So far as known this is the first school to take such a step and the clever young teacher, Miss Grace Sine of Frankford, is to be congratulated on so happy a thought, combining as it does a patriotic duty and a fine opportunity of educating the young people in the principles of true citizenship and sound business.”

The Intelligencer November 27, 1917 (page 1)

Poster for Victory Loan“Let your children join the crusade. Every one of the Victory Bonds is a weapon that cannot fail to hit the Kaiser. Arm your child! And when he or she is a little older—back comes the ‘weapon.’ Meantime 5 ½ per cent!”

The Intelligencer November 27, 1917 (page 2)

“Women, the War, and the Election. This election will have an important bearing on Canada’s participation in the war. The success of the Laurier-Quebec little Canadian party means that needed reinforcements will be withheld from the brave boys in Flanders. …

The women of Belleville in common with her sisters of the nation have sacrificed their loved ones, have given their time and their money to help the great cause of freedom and are, perhaps, more closely interested, in the outcome of the war, than the men folks.

The election is a wartime election, and the votes of the women will be a big factor in determining the fate of the boys overseas and the future littleness or greatness of Canada. Who can doubt what the women will do in the light of their splendid spirit of self sacrifice during three years of war? The women of Belleville should turn out in large numbers this evening at the first woman’s election meeting ever held here, and hear the great issue discussed by Union Government speakers. Mrs. Cleveland of Toronto and others will address the meeting and there will also be a musical program. …  Come to the City Hall at 7.30 this evening.”

The Intelligencer November 27, 1917 (page 3)

“You have only four days more to buy Victory Bonds. What are you going to do about it? What excuse will you give to yourself next week if you don’t buy?

Remember:—The boys in the trenches did not make excuses—They went!”

The Intelligencer November 27, 1917 (page 8)

“WANTED. Three returned soldiers for service in the inside Post Office and Nine young men, sons or relatives of soldiers, to assist the letter carriers in Belleville Post Office during the holiday season. Wages $2 to $2.50 per day. E. Guss Porter. Robertson Block, Front St., Belleville.”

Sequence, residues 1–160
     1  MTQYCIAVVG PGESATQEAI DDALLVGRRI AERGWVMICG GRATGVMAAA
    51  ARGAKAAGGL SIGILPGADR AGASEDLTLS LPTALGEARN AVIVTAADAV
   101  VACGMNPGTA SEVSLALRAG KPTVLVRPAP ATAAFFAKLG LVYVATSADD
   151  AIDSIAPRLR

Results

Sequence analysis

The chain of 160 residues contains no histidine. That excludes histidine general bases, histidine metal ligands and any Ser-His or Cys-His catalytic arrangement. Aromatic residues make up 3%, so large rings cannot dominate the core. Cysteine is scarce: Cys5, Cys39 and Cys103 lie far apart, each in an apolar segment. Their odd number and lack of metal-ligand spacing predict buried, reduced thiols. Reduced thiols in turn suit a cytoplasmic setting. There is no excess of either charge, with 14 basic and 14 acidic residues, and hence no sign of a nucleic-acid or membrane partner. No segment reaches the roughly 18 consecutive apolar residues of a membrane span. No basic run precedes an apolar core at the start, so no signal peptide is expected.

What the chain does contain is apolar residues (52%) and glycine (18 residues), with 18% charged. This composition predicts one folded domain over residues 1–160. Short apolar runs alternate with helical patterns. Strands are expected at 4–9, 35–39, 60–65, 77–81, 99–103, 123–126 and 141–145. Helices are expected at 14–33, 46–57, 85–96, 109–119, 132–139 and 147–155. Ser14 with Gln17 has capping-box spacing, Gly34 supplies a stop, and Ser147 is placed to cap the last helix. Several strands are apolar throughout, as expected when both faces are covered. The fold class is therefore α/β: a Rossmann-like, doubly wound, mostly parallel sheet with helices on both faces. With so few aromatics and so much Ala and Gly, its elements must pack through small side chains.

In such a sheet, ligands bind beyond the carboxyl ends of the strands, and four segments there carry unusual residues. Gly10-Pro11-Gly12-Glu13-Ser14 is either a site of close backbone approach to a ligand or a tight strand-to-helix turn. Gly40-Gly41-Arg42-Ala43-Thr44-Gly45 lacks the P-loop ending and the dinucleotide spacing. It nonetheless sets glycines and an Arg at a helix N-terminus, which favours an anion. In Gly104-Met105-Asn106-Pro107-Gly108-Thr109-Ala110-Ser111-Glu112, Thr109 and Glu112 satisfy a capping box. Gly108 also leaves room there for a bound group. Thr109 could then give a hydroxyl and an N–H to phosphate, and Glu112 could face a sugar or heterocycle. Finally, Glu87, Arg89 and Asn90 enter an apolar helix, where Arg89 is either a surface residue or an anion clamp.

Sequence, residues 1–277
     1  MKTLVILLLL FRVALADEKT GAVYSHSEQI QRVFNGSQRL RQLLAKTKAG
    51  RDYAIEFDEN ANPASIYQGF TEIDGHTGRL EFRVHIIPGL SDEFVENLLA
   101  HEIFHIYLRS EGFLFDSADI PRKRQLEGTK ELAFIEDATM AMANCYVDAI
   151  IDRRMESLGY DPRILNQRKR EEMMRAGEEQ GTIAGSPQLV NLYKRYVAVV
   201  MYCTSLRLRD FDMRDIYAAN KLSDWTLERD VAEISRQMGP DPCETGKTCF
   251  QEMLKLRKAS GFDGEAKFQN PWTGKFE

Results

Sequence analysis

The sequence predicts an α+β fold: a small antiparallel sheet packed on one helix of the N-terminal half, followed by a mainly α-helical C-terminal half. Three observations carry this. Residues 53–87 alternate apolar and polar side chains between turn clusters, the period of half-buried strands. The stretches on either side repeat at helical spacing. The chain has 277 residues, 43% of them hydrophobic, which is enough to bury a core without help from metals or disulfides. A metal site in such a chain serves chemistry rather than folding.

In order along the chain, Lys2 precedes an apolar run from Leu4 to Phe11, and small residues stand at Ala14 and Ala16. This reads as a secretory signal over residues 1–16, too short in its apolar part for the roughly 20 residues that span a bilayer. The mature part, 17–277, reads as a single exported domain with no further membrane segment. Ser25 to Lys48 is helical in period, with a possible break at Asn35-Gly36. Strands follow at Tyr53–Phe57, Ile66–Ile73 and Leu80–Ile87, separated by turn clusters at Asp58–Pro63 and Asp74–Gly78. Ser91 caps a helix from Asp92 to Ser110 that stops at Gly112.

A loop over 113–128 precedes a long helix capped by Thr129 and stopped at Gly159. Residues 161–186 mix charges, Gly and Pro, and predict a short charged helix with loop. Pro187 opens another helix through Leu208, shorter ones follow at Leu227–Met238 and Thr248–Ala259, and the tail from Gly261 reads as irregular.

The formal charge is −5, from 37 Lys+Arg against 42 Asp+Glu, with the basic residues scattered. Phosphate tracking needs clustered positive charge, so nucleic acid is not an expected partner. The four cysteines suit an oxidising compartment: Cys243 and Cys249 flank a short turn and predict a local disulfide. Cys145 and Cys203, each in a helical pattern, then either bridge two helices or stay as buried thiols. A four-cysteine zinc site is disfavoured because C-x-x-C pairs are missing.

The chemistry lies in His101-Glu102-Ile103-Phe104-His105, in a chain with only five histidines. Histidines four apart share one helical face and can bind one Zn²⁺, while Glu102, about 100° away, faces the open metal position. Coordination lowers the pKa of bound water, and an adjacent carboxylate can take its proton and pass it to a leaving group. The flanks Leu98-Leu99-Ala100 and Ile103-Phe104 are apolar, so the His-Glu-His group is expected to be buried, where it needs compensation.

The Intelligencer November 27, 1917 (page 8)

Ernest Finkle“Former Belleville Boy Wounded. The following message refers to a former well known Belleville boy, who enlisted and went overseas with 204th Battalion of Toronto. Mrs. Anna Helen Finkle, 123 Dundas Street, Belleville, Ont.

Sincerely regret to inform you 23706 Lance Corporal Ernest Deacon Finkle, infantry, officially reported admitted to No. 9 Field Ambulance, Nov. 15th, 1917, gunshot wound in right shoulder and abdomen. Director of Records.”

100 Years Ago: Poster for Victory Bonds, Memorial Services, Y Parlour Meeting

The Intelligencer November 26, 1917 (page 5)

Poster for Victory Bonds“My Dad Has Bought a Bond For Me! The little chap won’t realize now what the buying of that Victory Bond means to him—to you—to Canada, and to our sons Overseas.

But in the years to come—when you may not be here to know it—your boy, grown father to a man, will realize its significance, and he will be glad that you did something in Canada’s hour of need, and that you did it for his sake.

Has Your Dad Bought a Bond For You?”

The Intelligencer November 26, 1917 (page 7)

“Memorial Services. In St. Thomas’ and St. Andrew’s churches last evening memorial services were held for fallen heroes. Ven. Archdeacon Beamish, the rector of the former church conducted the service and spoke feelingly of the sacrifices made by the Bellevillians in the great struggle.”

The Intelligencer November 26, 1917 (page 7)

“ ‘Y’s’ Parlor Meeting. The ‘Y’s’ held their second parlor meeting of the season at Mrs. C. Townsend, Foster Avenue. The evening was spent making scrapbooks for the soldiers, and in discussing the way in which the ‘trinket campaign’ for thirst-quenchers for the soldiers would be best conducted.

The committee appointed to look after the study of the franchise for the coming winter, discussed methods for the best carrying out of the work. This will be actively undertaken before the December elections.”

Load More Posts